Friday, November 23, 2012

Humble Hitchhikers

A few weeks ago, I was driving along a back freeway at night. The road was empty and I thought I was alone when I nearly hit someone walking on the side of the road. The person wore dark clothes, but I could see it was a lady. The nearest town was at least twenty miles ahead and we were both going the same direction. I flipped around and scoped her out the best I could in the dark; she didn't seem too dangerous, so I offered her a ride.

It's funny how our intended good deeds always escalate into way more than we could ever have anticipated.

My passenger, whom we'll call Amy, had been dropped off at a shopping center earlier that morning by a family member that had short-term memory problems. She had been waiting for her ride for nearly twelve hours, and after making several phones calls to no avail, embarked on a thirty-mile hike to get home to her seven-year-old daughter. Amy's shoes were far from comfortable and her brown duds were frayed, holey rags.

Amy explained that she was in a vocational rehabilitation program, and her assignment that week was to purchase three new outfits from a department store where her program had an account. She had just completed her online degree and was looking for work. Her distress over her daughter was amplified by a failure to complete her assigned task; the shopping center had so intimidated her with its overbearing fanciness, the poor girl never dared enter the premises.

My opportunity seemed clear; I asked if she would like me to take her shopping — an evil I had long detested — but her reaction confirmed the date, and I was committed. The next morning, her daughter, "Celia," accompanied us.

Photo credit: elbfoto / Foter.com / CC BY
Amy wanted to buy some jeans and a new shirt before venturing into the "fancy" store, so I took her to Gen-X, hoping to find something inexpensive. 

Amy had turned to a vegan lifestyle the year before and estimated her size to be around a nine, but hidden under those rotting folds of material was a size-three frame, and jeans at those proportions were only ten dollars a pair: she bought five, plus two t-shirts.

Fully attired in her new vestments, Amy was now ready to face the all-intimidating store, which turned out to be nothing more than a JC Penney.

Only after I pointed out the regular folks in the store — a farmer to one side shopping for overalls and an elderly lady digging through purses in the nylon section — was Amy able to overcome her fears enough to do what she came to do: shop.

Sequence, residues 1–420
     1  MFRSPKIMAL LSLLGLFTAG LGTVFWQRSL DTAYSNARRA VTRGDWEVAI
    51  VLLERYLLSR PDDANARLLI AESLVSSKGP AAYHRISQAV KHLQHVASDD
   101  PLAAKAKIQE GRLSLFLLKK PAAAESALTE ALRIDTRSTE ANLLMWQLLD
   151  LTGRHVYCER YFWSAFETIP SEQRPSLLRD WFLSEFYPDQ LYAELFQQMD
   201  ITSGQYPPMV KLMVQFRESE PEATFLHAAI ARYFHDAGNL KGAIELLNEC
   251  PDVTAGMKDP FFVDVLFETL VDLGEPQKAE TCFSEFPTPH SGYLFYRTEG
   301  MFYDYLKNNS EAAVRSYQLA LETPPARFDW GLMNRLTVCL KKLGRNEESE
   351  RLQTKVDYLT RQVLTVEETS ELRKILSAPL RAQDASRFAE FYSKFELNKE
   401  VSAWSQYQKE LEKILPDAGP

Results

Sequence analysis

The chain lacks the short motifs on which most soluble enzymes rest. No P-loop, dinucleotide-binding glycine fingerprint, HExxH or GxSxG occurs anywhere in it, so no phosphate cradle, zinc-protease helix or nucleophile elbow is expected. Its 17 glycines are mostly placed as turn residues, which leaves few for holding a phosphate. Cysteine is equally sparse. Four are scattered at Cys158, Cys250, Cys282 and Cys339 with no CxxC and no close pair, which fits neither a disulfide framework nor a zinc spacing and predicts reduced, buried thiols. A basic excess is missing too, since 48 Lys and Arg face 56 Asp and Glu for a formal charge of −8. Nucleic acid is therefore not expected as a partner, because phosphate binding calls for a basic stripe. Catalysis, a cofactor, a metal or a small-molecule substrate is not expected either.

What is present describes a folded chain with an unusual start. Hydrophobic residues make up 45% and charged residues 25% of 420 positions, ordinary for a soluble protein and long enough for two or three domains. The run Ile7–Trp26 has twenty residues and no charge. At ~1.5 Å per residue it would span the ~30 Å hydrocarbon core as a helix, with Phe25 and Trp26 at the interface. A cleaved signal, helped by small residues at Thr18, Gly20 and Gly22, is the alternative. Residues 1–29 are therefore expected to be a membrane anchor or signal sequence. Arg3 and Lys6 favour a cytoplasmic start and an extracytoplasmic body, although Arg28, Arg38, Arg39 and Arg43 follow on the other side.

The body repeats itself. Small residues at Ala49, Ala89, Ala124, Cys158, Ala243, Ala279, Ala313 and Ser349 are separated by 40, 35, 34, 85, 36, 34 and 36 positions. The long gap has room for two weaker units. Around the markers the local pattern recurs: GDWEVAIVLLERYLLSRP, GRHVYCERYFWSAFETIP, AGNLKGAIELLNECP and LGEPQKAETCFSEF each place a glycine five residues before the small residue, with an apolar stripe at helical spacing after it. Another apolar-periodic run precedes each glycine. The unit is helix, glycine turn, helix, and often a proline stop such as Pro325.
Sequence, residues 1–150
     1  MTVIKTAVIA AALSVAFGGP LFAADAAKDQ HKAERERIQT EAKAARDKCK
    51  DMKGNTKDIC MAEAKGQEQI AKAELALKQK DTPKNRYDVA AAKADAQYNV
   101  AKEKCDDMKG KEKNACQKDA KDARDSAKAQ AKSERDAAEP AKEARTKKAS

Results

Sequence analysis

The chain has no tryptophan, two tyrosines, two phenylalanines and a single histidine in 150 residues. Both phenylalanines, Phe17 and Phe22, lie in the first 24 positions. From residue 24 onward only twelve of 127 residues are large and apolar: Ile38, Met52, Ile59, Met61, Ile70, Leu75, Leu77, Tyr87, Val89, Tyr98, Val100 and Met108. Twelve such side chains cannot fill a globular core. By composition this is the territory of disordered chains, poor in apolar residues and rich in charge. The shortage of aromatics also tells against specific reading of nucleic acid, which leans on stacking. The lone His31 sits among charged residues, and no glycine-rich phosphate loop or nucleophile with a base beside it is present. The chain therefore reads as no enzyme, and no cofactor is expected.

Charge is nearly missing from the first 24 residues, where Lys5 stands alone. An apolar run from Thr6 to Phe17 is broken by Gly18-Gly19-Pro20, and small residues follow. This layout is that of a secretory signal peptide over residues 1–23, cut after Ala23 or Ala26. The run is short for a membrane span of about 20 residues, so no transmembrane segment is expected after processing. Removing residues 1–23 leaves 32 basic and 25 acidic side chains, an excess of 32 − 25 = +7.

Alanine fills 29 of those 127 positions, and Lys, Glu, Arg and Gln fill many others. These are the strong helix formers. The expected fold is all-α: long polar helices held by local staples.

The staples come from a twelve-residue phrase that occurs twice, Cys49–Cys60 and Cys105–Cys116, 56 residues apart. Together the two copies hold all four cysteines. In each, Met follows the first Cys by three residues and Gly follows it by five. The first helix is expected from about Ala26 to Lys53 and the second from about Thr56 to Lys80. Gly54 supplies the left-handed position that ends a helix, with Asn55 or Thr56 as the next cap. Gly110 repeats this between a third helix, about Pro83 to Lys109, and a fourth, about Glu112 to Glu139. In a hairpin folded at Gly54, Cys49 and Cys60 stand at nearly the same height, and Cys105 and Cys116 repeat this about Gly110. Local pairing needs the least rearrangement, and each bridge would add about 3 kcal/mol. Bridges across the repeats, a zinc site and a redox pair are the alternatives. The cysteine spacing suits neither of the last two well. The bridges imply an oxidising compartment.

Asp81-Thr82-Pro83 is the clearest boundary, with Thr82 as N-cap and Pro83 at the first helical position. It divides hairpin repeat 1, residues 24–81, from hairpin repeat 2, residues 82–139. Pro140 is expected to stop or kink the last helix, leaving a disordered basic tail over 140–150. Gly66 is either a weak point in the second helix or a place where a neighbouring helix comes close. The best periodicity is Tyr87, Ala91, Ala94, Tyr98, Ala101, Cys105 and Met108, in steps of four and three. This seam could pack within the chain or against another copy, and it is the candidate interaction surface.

We browsed around for a while to see what kinds of styles she liked, and from that point forward, Amy never left the dressing room. Her daughter and I scoured every rack in the place, barraging her with a continual feed of different designs and colors, and nine hours later, Amy was down to her final choices. She had never conceived of having so many options in all of her life, and was overcome by such abundance.

Once we were settled into the car, Amy made one last request. She wanted to celebrate her graduation, and she wanted to do it with myself and her daughter, since we were the only people in her life who valued her achievement. I was floored. No one in her family appreciated her hard-earned efforts? I had spent enough years slaving after the pursuit of education to know what a great thing she had accomplished, and we celebrated heartily!

We went to an Italian restaurant — the height of sophistication to my new-found friend — and now to me as well. Amy had planned this event in her head months before finishing her classes, and we took our time. What an occasion it was!

Serving others always seems to begin with this magnanimous image of the generous benefactor, bestowing kindness upon some poor soul, but in the end, it's always the other way around. The giver is often the poor soul in need of enrichment.

If either of us was a hitchhiker that day, it was me. Amy allowed me to hitch a ride on her genuine spirit, her friendship, and blessed me with a change of perspective on a most important principle: gratitude.

How easy it is to take things for granted: things like supportive people in our lives, or clothing that fits, aside from our daily breath. Please join me in spreading joy.

Eliott, Humbled.

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